The closer in temperature the two sides are, the higher the COP and the lower the heat transfer across the module. If you want to cool a cooler by 15°, and 3° is lost on each side before the heatsinks "T2A to T2B" times 2), the module has to cool by 21°. That's just for starters of course. Then there's the heat loss/gain going through the heatsinks: "T1 to T2A" for two heatsinks, and the final temperature of the heatsink fins (T1) above/below the air temperature, which is mostly mitigated by fans.
   To be complete the picture there's the loss/gain "T2B to T3" from the actual components within the module to each ceramic surface. (the Peltier manufacturer's concern!)

In my homemade "superinsulated" Peltier module fridge I was freezing the ice tray through the copper bar (Cu = lowest junction heat gain) and a second junction from the bar to the alume tray of water (but this one with much more surface area than the Peltier module). The outside "hot side" alume alloy heatsink was often around 35°. So the module was probably about 40° between sides - with the bulk of the "extra" 5° being the module to alume alloy heatsink junction. 40° (when you're trying to cool by only 20°!) leaves a lot of room for improvement. Every degree counts until you've made the fan(s) too noisy and so the unit is put aside or discarded by the user.

   Now, if I could solder copper to alume over a broader area, I could make the heatsink for Peltier modules have a lower junction temperature between the module and the copper section of the heatsink, without creating a second high thermal resistance junction where the two metals meet. The trick would be tinning the heatsink over that large area so the copper would thermally bond as well as just electricly.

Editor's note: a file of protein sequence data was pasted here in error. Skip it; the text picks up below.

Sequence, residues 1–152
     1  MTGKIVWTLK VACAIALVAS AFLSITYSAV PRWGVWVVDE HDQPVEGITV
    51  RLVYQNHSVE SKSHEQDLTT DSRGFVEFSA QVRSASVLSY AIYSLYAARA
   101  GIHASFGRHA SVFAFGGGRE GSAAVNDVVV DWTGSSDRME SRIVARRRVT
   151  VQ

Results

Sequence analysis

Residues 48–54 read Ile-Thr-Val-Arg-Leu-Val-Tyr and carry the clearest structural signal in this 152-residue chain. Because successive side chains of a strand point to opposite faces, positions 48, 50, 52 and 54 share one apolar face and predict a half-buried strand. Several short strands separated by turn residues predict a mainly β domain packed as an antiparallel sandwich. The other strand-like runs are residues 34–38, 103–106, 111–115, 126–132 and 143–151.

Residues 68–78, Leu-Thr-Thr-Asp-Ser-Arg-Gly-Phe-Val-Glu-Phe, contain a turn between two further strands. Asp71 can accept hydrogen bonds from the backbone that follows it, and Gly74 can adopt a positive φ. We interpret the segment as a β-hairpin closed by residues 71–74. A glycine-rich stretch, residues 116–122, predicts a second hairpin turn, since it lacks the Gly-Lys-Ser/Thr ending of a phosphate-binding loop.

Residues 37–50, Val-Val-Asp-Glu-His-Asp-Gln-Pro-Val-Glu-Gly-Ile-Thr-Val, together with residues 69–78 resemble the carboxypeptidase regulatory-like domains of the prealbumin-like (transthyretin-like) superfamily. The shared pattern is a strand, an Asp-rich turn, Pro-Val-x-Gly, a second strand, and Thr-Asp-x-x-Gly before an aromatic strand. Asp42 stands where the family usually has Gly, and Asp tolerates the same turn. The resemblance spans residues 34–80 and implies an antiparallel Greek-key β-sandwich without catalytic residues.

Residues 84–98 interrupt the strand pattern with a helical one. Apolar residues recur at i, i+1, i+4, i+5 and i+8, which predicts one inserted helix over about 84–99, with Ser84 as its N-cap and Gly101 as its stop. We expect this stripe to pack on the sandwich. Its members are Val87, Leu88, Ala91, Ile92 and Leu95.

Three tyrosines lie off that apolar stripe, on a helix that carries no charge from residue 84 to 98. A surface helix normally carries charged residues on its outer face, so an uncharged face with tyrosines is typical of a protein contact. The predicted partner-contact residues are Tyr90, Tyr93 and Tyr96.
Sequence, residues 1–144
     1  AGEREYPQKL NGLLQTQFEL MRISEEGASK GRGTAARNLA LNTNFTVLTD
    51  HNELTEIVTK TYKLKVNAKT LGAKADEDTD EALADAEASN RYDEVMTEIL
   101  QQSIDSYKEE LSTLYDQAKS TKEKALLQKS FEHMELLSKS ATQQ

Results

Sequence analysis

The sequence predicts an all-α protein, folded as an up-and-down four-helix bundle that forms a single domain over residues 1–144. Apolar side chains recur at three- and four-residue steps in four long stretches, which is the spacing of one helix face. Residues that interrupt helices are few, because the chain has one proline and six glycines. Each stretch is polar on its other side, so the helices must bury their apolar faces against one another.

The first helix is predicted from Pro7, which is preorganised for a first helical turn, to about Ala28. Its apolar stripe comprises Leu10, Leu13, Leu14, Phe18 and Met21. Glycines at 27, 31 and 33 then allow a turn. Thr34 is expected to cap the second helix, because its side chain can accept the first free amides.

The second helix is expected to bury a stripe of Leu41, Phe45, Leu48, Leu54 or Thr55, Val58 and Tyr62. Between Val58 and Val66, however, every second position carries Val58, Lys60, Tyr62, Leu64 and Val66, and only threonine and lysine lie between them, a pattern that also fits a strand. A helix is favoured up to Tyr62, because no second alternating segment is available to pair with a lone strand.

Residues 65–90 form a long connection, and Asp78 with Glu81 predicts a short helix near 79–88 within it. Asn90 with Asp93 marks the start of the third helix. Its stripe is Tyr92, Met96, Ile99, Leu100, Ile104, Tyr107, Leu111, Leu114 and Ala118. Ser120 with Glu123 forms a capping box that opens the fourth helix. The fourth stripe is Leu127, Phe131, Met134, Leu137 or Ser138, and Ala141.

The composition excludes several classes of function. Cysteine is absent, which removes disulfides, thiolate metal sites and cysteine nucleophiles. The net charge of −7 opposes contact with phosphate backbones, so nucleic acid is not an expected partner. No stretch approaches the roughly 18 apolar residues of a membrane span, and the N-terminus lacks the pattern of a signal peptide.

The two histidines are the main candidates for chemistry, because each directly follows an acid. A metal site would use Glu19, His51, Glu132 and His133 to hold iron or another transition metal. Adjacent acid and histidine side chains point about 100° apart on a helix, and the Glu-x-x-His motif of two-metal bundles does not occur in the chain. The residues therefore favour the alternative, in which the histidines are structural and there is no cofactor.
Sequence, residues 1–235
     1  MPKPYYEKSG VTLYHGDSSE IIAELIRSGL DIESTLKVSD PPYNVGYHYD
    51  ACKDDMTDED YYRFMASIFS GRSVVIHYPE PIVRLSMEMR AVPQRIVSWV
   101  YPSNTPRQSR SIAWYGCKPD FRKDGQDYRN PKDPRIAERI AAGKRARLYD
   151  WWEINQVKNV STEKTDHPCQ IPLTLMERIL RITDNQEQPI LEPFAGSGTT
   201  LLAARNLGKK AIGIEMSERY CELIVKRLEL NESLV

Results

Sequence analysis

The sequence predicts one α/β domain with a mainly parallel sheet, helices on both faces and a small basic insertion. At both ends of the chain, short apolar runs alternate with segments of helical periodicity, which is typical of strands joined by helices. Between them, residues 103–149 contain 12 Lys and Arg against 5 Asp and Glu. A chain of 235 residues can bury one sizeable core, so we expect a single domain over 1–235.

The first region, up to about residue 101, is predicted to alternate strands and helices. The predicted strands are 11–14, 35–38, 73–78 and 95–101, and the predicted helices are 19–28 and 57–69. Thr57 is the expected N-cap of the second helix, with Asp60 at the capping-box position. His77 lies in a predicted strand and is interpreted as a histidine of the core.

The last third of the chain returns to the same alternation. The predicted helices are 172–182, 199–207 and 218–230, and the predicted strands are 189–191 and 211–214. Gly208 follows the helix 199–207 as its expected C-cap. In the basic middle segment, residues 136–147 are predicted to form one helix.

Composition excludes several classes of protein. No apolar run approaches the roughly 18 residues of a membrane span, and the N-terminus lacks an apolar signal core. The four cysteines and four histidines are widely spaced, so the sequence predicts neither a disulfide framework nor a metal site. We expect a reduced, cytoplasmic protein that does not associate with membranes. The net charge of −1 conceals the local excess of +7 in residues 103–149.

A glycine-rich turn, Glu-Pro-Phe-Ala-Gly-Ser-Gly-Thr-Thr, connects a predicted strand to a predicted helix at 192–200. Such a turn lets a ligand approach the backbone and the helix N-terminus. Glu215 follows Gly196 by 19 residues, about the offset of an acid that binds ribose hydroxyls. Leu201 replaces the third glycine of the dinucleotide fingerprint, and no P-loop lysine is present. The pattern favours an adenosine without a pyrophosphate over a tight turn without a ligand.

Some had suggested in the alume soldering video's comments putting oil on and then wire brushing it before heating. Perhaps that would allow tinning the required broad area?

    Here are some thermal conductivity figures I dug up on line. (Presumably valid at or around room temperature.)

Boron arsenide (BAs): 1300 W/m*°K -- Looks tricky
Diamond:   1000 -- but can this help us? (Graphite: 1000 'along the grain'? see comments below.)
Pure silver:   418 -- Most conductive element
Pure copper: 401 -- almost as good, cheaper, not quite as heavy
Pure Alume:  237 -- a big step down but cheaper and lighter than copper. Soft and easily bent.
Al - 6160 T6 alloy: 167 -- the worst one - and the one usually used for heatsinks. Another big step down. Fine for preventing transistors from cooking. Not good for Peltier cooler COP! Substantially harder than pure alume.

Thoughts on those best ones... We can't make a BAs or diamond heatsink. Hmm... Diamond powder on copper? But that doesn't expand the surface area from the Peltier module. A substance called boron arsenide (BAs) is rated as 1300 - much more thermally conductive than any single element! It turned out that was for a pure, flawless crystal, so unless huge flawless crystals can be grown, like the diamond it is of little use for peltier modules. (Unless again it could be made as a flat powder "sheet", fused to copper.)
   Looking for "boron arsenide powder", it is in fact available. Perhaps (if it is quality crystals, however tiny) it could be used as, or in, a heatsink compound in place of silicone compound, flexible graphite or graphite powder, to make a better thermal connection between the ceramic surface of the peltier and the heatsink itself. But...